Promise Programs: Short and Long-Term Impacts and Program Heterogeneity
*Names in bold indicate Presenter
Attending college has important long-term implications for students’ future income and happiness (Ma, Pender, & Welch, 2016). However, college has become increasingly expensive, meaning many low- and middle-income students have to choose between not attending college and taking out increasing amounts of student loans (Ma & Baum, 2017). Promise programs have been touted as a potential solution to helping students afford increasingly expensive postsecondary institutions. These place-based programs cover all or part of students’ college tuition if they have lived or attended secondary school in a particular location. Results from early programs show that Promise programs can increase both college enrollment and college completion (Bartik, Hershbein & Lachowska, 2017; Carruthers & Fox, 2016). However, we still know little about how the impacts of Promise programs may vary, or how Promise programs may affect longer-term outcomes.
Three of our papers provide evidence on how the impacts of Promise programs vary by program and student characteristics. One paper uses data from the College Board and the National Student Clearinghouse (NSC) to examine how the effects of Promise programs on college enrollment and graduation vary by institution type covered (e.g. two- versus four-year institutions), program intensity (i.e. the subsidy amount), and by student characteristics. A second paper examines how the effects of Oregon Promise vary by student characteristics, finding that students with a moderate probability of attending college are most likely to be induced to attend a two-year institution. A third paper studies how different funding structures in Promise programs may affect student persistence. Using data from the Arkansas Academic Challenge Scholarship, this paper shows that students are just as likely to persist in college if their funding increases each year that they remain enrolled in college (relative to receiving the same amount each year).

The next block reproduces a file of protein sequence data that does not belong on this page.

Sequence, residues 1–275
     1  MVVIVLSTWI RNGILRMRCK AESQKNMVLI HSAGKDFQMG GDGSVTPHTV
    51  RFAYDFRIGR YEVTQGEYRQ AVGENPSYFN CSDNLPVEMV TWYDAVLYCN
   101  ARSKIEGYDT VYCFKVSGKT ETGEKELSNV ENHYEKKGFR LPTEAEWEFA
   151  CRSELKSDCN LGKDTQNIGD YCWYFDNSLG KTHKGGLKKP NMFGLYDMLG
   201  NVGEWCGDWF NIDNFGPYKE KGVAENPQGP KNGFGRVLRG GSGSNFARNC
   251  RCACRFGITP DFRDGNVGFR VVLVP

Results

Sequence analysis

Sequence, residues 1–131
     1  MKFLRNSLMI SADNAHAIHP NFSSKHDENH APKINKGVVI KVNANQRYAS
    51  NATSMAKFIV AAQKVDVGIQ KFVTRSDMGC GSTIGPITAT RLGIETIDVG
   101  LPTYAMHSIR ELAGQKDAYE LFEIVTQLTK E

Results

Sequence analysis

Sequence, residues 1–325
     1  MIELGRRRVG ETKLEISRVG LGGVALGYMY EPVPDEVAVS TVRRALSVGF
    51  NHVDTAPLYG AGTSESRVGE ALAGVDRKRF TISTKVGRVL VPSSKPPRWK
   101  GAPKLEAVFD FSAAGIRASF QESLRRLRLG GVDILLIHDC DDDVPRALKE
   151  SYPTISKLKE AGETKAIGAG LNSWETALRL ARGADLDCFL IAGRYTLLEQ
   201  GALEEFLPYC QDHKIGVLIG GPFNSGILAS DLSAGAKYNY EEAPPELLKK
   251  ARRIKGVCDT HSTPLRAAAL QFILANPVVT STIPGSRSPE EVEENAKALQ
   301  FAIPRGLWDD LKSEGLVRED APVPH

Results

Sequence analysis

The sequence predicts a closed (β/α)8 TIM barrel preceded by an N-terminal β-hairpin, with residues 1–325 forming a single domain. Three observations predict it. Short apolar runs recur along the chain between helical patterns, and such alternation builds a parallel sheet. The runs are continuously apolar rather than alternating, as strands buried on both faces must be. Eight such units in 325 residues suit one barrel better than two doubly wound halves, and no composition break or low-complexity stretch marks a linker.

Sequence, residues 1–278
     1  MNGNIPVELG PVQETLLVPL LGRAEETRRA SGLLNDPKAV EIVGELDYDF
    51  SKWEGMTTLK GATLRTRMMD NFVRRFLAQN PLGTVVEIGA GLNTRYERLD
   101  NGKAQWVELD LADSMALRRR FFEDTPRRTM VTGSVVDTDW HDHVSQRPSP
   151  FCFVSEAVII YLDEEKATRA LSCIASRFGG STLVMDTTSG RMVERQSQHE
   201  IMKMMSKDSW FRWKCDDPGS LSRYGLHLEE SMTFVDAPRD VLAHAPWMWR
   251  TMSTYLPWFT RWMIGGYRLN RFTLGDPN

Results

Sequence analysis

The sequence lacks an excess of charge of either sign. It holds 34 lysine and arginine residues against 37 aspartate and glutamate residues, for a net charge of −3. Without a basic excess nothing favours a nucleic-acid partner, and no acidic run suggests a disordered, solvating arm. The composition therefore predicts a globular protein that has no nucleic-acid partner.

Two of our papers also provide evidence on how Promise programs may affect longer-term financial and workforce outcomes. One paper uses data from the Quarterly Workforce Indicators and the Quarterly Census of Employment and Wages to investigate the impacts of six Promise programs on employment growth, hiring rates, and separating rates. Another paper uses credit report data from TransUnion to investigate the impacts of Promise programs on student debt and delinquency, as well as other financial outcomes like home and auto debt.
Together, these papers expand our understanding of the contexts in which Promise programs may be the most effective, and whether these effects translate to longer-term financial and workforce outcomes.